Posts tagged ‘Bike Path’
This post probably won’t mean much to anyone but a few of my local friends – Jenn, Jeff, Sarah, et al. But it’s kind of a big deal for me. We’re getting closer to seeing the completion of a big extension of our local Greenway/walking/bike path. Once finished, it is going to be a more convenient way for me to get into and around town, avoiding some of the most congested roadways. The current section under construction is at least a mile or two closer to me (on the north), and I really look forward to avoiding some traffic-hassle in getting to points south, including downtown.
Over the weekend, we ran into Jeff and he mentioned that we all need to take an “inaugural ride” once the new section is completed (yay!). I am looking forward to the day, although the current state of muck-ness through Tinsley Park appears to be a long way from being in rideable shape, even with some knobby tires. Hopefully things will dry out, and they can re-grade at the very least … maybe drop some gravel? I’m not sure if there is a plan to pave this section?
Mostly, I’m just waiting for the thing to be somewhat contiguous; I’ve never quite understood the method to their expansion plans – very piecemeal and disjointed. There are short sections on the north end that have been completed and paved for several years, but never connected to the rest of the path, making them virtually useless. The same thing occurred on the south end at one point. But I suspect it has something to do with obtaining right-of-ways or permits or funding.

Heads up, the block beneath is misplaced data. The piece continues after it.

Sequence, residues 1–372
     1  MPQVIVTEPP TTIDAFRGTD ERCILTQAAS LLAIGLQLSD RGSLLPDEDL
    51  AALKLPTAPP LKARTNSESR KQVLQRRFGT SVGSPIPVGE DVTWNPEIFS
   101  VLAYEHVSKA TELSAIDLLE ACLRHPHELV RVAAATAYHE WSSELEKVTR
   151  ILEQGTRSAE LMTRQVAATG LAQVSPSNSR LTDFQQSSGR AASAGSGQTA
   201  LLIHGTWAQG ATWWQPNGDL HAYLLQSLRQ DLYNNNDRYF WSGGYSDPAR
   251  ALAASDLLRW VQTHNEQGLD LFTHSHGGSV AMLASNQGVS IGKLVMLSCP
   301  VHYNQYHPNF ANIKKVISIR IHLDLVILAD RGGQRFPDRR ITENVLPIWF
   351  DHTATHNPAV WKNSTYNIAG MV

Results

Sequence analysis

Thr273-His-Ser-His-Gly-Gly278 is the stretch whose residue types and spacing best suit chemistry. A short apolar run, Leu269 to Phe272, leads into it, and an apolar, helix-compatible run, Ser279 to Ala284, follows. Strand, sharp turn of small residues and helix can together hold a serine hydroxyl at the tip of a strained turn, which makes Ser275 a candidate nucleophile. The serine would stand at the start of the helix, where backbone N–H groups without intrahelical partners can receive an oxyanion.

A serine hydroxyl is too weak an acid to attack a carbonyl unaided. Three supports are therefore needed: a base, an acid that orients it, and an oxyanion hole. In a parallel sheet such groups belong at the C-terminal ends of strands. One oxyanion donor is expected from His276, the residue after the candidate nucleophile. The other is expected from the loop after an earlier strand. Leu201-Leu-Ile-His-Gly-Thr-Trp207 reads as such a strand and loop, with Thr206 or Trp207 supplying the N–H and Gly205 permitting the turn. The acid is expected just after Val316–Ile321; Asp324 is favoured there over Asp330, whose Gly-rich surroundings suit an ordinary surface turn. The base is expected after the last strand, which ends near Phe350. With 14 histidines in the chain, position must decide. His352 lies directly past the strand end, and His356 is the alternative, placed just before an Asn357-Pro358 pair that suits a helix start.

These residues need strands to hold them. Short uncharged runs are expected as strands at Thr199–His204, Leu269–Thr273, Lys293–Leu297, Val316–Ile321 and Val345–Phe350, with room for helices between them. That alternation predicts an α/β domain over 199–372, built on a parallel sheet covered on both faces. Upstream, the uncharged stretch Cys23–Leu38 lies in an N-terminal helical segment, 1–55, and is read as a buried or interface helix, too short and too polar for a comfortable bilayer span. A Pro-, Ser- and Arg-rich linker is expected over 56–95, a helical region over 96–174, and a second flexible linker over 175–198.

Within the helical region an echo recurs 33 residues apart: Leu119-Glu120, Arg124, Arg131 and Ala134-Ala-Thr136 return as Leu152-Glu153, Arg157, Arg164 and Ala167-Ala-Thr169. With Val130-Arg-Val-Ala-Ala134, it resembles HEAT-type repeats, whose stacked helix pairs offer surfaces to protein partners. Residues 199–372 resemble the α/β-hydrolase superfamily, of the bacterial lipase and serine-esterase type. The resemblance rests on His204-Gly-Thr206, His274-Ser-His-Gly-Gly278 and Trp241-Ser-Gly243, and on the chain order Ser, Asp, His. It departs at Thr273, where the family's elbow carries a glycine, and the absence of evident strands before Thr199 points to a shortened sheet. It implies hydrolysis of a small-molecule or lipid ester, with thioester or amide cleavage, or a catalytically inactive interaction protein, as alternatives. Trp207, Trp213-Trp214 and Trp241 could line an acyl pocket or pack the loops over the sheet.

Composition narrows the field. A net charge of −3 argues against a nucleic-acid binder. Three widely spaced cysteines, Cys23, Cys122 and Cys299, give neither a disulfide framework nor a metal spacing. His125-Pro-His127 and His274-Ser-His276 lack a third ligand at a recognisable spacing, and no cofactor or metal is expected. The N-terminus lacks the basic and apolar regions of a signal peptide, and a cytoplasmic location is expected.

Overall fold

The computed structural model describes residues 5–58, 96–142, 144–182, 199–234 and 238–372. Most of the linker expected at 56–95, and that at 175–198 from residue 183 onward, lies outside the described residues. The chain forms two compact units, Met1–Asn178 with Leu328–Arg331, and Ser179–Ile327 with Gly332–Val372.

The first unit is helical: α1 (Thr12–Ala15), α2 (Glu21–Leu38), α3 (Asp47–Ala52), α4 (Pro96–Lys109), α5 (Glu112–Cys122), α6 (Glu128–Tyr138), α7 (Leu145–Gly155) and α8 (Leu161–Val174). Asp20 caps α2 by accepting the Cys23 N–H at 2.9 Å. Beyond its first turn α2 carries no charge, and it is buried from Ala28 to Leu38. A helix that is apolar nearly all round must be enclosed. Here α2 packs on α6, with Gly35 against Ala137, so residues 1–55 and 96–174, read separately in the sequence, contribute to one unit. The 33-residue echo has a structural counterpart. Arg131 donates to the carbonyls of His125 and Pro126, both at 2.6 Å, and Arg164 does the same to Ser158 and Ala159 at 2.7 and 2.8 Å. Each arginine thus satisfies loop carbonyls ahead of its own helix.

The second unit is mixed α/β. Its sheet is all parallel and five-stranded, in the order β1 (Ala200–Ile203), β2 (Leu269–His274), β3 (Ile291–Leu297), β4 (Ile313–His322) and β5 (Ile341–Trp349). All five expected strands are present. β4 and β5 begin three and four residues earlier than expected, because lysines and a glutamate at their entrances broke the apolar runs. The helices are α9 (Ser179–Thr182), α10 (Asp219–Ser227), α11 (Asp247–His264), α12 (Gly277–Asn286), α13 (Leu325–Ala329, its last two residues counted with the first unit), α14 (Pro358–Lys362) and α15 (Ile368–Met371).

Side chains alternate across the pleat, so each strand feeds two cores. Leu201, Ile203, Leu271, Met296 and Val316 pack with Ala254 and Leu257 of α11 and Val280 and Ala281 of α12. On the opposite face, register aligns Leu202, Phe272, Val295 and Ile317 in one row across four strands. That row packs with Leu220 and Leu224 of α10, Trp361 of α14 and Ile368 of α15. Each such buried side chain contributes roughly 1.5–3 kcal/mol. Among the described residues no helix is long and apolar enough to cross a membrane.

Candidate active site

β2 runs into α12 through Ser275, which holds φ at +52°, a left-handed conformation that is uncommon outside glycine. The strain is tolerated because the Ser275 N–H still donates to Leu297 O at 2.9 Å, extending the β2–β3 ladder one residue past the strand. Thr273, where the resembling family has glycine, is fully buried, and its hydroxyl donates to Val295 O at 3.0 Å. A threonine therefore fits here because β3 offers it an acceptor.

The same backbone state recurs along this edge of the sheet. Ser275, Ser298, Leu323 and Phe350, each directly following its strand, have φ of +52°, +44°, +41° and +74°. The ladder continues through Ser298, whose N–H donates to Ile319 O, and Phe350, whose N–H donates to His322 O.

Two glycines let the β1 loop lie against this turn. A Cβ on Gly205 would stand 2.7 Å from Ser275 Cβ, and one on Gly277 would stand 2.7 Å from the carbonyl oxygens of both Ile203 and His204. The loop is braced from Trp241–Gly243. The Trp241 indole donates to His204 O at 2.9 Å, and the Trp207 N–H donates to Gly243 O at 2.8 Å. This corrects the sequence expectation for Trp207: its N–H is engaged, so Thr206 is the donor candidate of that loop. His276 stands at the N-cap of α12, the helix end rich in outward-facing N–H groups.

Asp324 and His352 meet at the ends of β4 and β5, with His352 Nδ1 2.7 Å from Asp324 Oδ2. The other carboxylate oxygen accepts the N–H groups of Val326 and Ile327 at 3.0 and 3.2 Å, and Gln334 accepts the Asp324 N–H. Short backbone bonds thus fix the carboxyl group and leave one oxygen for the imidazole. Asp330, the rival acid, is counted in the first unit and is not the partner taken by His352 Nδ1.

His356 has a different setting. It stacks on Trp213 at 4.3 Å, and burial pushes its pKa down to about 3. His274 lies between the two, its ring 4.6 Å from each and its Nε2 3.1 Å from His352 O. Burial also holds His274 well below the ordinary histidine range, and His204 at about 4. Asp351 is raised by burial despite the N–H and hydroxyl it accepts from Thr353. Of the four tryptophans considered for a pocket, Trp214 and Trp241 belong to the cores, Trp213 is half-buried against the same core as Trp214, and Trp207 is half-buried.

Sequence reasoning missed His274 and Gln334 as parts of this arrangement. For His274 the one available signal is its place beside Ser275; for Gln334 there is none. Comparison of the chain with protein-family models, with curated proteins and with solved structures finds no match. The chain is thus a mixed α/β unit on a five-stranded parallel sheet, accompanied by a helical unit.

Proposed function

Anyway, it’s exciting stuff – seeing the bridge completed and the heavy equipment in use … I really do look forward to the maiden voyage from north to south.
There are those days when the weather is so perfectly glorious – crisp and sunny, vibrant blue skies, leaves just beginning to turn color. A day that simply demands that you ride a bicycle, or take a walk, or sit on a park bench and surround yourself in the beauty. A day that begs you to spend hours outside. Pedalweather. Today was one of those days.
Just pictures. Your turn to get outside and enjoy it all.
It’s been a grey week. Yesterday, I had an appointment in town – and I’m always glad to have the stretch of greenway to ride. It’s not that I mind riding in traffic, but having a stretch of traffic-free – and stoplight free – pavement makes the trip much that much easier.
While I was at my optometrist’s office, I had a brief conversation with his assistant about cycling. She told me that she and her husband and finally unearthed their old bicycles out of the back of their garage, had them tuned up, and had started to do a little riding – but “not on the street!”
And the usual comments followed … too many crazy drivers out there, too scary to ride on the road, the fear of being hit by a car. While I was so happy to find out that she and her husband were re-discovering the joy of cycling, it also made me a little sad. It’s so unfortunate that people who really want to try to ride about town, past the constraints of bike paths and greenways, have reasonably legitimate fear of doing so.